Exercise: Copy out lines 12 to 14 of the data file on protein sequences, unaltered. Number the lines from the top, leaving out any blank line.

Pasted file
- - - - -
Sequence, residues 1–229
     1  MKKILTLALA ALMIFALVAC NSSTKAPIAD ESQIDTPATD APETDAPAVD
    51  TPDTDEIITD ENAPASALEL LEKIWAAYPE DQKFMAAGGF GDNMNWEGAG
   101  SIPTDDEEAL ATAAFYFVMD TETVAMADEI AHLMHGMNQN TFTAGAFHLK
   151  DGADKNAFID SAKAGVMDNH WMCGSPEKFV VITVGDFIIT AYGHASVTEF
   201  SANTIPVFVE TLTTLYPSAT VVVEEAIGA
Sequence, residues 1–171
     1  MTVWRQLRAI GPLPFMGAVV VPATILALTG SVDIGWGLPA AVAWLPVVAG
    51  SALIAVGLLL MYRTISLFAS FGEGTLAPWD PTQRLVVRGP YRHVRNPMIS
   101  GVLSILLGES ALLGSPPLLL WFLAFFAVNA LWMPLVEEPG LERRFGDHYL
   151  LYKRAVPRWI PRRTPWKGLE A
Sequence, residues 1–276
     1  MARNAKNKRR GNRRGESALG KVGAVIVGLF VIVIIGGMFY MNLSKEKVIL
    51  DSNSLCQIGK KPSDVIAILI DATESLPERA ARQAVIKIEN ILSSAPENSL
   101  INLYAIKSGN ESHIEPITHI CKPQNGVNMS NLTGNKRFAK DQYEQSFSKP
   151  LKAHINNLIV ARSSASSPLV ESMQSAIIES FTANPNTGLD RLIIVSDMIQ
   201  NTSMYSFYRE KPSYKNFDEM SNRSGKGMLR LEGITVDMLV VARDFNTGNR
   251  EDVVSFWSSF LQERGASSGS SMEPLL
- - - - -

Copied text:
Sequence, residues 1–276
     1  MARNAKNKRR GNRRGESALG KVGAVIVGLF VIVIIGGMFY MNLSKEKVIL
    51  DSNSLCQIGK KPSDVIAILI DATESLPERA ARQAVIKIEN ILSSAPENSL